“The fluctuations are as old as the hills, and they’re not going anywhere,” says Noble. “It’s something you have to deal with.”
As long as your cryptocurrency investments don’t get in the way of your other financial goals and you only put in what you don’t agree to lose in the end, Yang recommends using the same strategy that works with all long-term investments: forget it.
If that kind of extreme drop bothers you, you may have a lot of riding on your crypto investments. You should only invest what you lose. But even if the drop makes you rethink crypto customizations, the same advice still stands – don’t act recklessly or flip your strategy too quickly. Reconsider what you might be more comfortable going forward, such as allocating less cryptocurrency in the future or diversifying through crypto-related stocks and blockchain funds rather than buying outright cryptocurrency (although you should still anticipate volatility when the markets are volatile). cryptocurrency).
“Don’t check it out. This is the best thing you can do. If you let your emotions get in too much, you might sell out at the wrong time, and make the wrong decision,” says Yang.
What if you are interested in cryptocurrency but haven’t invested yet?
Yang set it and forget it because his approach to crypto reflects his philosophy of investing in the traditional stock market, but some experts feel that cryptocurrency is too different from traditional investments to make any historical comparisons. That’s why A’Shira Nelson from Savvy Girl Money is staying away.
Nelson invests primarily in low-cost index funds because “I can see the history in that,” she says. The newness of the cryptocurrency and the lack of traceable data make it worry about these crazy fluctuations.
Potential investors looking to buy on the dip should understand that volatility is on par, and be prepared for this type of volatility in the future. Even if you invest now, at relatively low prices, be prepared for them to go down even more. Again, put only what you feel comfortable losing — after you’ve covered other financial priorities, like emergency savings and more traditional retirement funds.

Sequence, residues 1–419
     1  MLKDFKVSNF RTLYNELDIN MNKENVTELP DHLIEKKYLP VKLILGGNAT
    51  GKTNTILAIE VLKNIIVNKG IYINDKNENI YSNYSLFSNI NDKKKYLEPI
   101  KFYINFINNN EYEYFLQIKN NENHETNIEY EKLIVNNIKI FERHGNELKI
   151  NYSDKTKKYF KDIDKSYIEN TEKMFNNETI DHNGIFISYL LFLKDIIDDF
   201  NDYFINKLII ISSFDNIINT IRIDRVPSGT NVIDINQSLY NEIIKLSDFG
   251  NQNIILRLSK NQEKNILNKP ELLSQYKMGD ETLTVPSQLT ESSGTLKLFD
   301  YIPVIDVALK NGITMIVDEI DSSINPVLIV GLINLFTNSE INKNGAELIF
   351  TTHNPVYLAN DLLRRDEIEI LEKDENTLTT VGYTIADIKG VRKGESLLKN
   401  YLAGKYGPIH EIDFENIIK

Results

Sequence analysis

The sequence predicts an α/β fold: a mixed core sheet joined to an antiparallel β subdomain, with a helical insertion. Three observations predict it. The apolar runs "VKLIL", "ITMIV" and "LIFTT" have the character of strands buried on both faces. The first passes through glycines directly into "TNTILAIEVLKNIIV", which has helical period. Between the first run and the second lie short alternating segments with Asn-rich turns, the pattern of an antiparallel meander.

What is behind the latest bitcoin drop?
Many investors see bitcoin’s price swings as part of the game, but “volatility is hard for individual investors to deal with,” Noble says. Like Yang, he warns against selling too quickly.
The recent price swings were followed by fresh uncertainty over the country’s ongoing battle with COVID-19, new regulatory actions by the US government, as well as new legislation related to cryptocurrency in the infrastructure bill. In a new and unproven industry like cryptocurrencies, it doesn’t take much to cause huge price swings. In general, new short-term investors selling their holdings in response to the recent drop in the value of Bitcoin may contribute to the decline in the value of Bitcoin, according to a report by Glassnode Insights, a blockchain analysis firm.
While volatility is expected, Noble says he was surprised by the fall earlier this year. “I thought the market was maturing and these things would be less frequent and intense. I was wrong, boy,” he says.
Some of the declines this year have been caused by a combination of factors, according to Noble theories, from excitement about low-quality coins, to negative feedback from Elon Musk, to China’s recent crackdown on crypto services. Noble says this combination of factors has the potential to make selling “more violent”.
The drop is similar to the 1987 stock market crash, from which markets took months to recover. But since cryptocurrencies are moving much faster today than stocks did in the 1980s, Noble says we may see a faster recovery.
“Don’t panic and vomit,” says Noble. “If you keep your positions small, you can try to tolerate fluctuations.”